Definition of dizzy in English:


Line breaks: dizzy
Pronunciation: /ˈdɪzi

adjective (dizzier, dizziest)

1Having or involving a sensation of spinning around and losing one’s balance: Jonathan had begun to suffer dizzy spells figurative he looked around, dizzy with happiness
More example sentences
  • The physician twirled the patient around so fast and long, at one point, that the patient became dizzy and lost her balance.
  • In July 1999 he began suffering dizzy spells, resulting in loss of balance, and painful headaches.
  • With a dizzy head and uncontrollable balance, she took a couple steps towards the kitchen, but she swayed back and forth.
giddy, light-headed, faint, weak, weak at the knees, unsteady, shaky, wobbly, off-balance; reeling, staggering, tottering, teetering
informal woozy, with legs like jelly, with rubbery legs
dazed, confused, muddled, befuddled, bewildered, disoriented, disorientated, stupefied, groggy
informal woozy, muzzy, dopey, woolly, woolly-headed, not with it, discombobulated
1.1Causing a spinning sensation: a sheer, dizzy drop figurative a dizzy range of hues
More example sentences
  • As Chrissy unpacked her bag, Ian knelt on the pillows and looked down at the dizzy drop to the rocks below.
  • South of that lies the corrie of the pap, Coire na Ciche, taking its name the great rock that gazes down into the dizzy depths below.
giddy-making, dizzy-making, causing dizziness, causing giddiness
1.2 informal (Of a woman) silly: a dizzy blonde
More example sentences
  • Karen played the dizzy girl who needed help with her bags and needing to be showed to her room.
  • But perhaps because I'm dark not blonde, such idiotic statements are thought of as one-offs rather than a sign of a naturally dizzy blonde brain.
  • They first met and became friends six years ago when she was playing Corrie's dizzy blonde barmaid Raquel and he was a top executive at Granada studios.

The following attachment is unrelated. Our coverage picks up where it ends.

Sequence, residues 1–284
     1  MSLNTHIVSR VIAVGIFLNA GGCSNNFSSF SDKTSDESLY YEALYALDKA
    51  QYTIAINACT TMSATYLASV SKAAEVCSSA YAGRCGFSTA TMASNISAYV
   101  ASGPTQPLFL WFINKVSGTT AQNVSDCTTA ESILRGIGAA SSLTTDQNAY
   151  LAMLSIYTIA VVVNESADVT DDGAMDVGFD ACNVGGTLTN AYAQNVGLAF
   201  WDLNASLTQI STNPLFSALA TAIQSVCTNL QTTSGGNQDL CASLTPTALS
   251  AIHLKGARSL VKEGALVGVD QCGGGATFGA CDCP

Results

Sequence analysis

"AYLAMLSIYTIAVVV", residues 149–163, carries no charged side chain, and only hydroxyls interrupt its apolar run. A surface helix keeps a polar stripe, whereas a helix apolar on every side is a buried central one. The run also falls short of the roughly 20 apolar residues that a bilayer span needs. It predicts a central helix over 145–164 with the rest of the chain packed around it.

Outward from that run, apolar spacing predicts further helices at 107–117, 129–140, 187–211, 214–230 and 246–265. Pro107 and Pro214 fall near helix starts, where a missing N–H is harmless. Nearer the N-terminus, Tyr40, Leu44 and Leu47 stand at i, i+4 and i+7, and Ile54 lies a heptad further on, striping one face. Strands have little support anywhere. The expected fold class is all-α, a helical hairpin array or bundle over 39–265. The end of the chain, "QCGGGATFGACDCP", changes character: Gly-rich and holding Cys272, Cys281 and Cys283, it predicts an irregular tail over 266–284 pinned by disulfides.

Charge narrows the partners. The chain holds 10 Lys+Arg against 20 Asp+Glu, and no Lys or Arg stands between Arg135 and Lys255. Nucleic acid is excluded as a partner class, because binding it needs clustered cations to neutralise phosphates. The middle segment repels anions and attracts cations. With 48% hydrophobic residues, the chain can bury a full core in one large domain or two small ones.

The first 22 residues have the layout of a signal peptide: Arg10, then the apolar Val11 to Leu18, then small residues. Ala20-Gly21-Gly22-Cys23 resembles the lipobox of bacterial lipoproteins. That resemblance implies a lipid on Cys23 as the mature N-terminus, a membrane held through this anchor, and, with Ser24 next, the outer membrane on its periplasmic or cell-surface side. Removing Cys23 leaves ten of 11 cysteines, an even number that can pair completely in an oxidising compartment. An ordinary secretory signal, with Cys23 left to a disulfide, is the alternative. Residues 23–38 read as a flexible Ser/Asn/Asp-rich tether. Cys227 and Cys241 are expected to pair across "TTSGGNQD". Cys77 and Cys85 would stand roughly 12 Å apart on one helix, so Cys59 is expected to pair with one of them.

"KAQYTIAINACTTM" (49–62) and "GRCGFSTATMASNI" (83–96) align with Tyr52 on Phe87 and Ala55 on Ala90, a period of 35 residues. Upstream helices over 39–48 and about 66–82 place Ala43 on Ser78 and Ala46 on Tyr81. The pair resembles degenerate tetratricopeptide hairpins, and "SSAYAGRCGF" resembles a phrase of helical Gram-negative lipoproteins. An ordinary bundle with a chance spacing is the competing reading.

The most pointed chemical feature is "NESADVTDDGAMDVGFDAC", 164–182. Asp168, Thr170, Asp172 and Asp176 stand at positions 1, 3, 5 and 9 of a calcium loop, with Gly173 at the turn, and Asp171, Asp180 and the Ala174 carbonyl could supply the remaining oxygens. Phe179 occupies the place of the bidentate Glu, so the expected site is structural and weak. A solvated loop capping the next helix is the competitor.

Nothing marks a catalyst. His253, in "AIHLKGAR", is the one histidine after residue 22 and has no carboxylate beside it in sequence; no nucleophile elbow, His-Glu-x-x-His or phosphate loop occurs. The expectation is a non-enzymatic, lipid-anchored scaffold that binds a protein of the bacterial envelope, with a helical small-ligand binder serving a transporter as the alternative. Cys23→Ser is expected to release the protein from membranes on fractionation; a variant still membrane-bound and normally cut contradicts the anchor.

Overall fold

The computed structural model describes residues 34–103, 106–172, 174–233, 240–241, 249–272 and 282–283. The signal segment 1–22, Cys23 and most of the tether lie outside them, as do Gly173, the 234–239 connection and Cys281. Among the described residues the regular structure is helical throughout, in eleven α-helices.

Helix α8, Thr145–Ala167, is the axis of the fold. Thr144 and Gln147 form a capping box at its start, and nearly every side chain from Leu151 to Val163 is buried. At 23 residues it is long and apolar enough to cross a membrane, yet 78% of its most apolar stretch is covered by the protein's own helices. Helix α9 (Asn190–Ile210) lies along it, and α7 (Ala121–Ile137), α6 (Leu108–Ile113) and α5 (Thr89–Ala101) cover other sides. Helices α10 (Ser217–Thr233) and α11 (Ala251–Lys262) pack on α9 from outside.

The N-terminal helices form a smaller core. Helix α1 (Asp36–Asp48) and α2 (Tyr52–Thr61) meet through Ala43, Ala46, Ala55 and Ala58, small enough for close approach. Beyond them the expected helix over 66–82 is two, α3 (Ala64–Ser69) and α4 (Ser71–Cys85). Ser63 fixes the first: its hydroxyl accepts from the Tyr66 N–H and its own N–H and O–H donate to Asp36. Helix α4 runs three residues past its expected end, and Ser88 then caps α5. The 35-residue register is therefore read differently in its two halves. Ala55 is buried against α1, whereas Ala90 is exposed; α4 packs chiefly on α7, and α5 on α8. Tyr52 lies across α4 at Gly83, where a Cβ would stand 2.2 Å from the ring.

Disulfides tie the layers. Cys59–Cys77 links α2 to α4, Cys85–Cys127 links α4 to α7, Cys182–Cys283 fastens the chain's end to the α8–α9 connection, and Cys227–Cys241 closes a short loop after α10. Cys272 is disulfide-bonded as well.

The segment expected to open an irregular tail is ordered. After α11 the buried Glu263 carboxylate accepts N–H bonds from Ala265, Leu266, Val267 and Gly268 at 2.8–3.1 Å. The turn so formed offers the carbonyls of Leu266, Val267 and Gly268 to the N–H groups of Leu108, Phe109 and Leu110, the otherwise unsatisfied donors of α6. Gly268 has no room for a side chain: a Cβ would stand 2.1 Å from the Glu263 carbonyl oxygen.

silly, foolish, giddy, light-headed, scatty, scatterbrained, feather-brained, hare-brained, empty-headed, vacuous, stupid, brainless; skittish, flighty, fickle, capricious, whimsical, inconstant
informal dippy, dopey, batty, dotty, nutty
British informal dappy
North American informal ditzy

verb (dizzies, dizzying, dizzied)

[with object] (usually as adjective dizzying) Back to top  
Make (someone) feel unsteady, confused, or amazed: the dizzying rate of change her nearness dizzied him
More example sentences
  • Dropping the chair with a clatter, Joel made for the door, his vision dizzying him.
  • Finally the pain became so bad it dizzied him and he fell to the sand and passed out.
  • As I walked in the door, the smell of fresh coffee beans and sweet buns dizzied me.


Old English dysig 'foolish', of West Germanic origin; related to Low German dusig, dösig 'giddy' and Old High German tusic 'foolish, weak'.


the dizzy heights

informal A position of great importance: the dizzy heights of TV stardom
More example sentences
  • As he look down upon their rivals from the dizzy heights of pole position, complacency is the only real gremlin to fear.
  • By Thursday, it had become ‘uncommonly aristocratic’, and last Friday it had reached the dizzy heights of being ‘quintessentially iconoclastic’.
  • He never reached the dizzy heights of role model, and he seems unlikely to scale them now.



More example sentences
  • But just as these dizzily warped abstractions threatened to become a redundant signature style, Davie discovered a way to move on.
  • The entire experience since they had entered the palace felt surreal, and she wondered dizzily and somewhat vaguely if she was going to faint again.
  • I dizzily pull off my boxer shorts, lose balance and crash into the shower door, which graciously opens and grants me entry into the shower.


More example sentences
  • It was a light headed feeling, almost dizziness, almost giddiness, and Darryl smiled back elatedly.
  • The paramedic had expected to find a 60-year-old woman suffering from dizziness.
  • She woke up in the morning and complained of severe headache and dizziness.

Definition of dizzy in:

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Pronunciation: ˈdɪs(ə)nənt
lacking harmony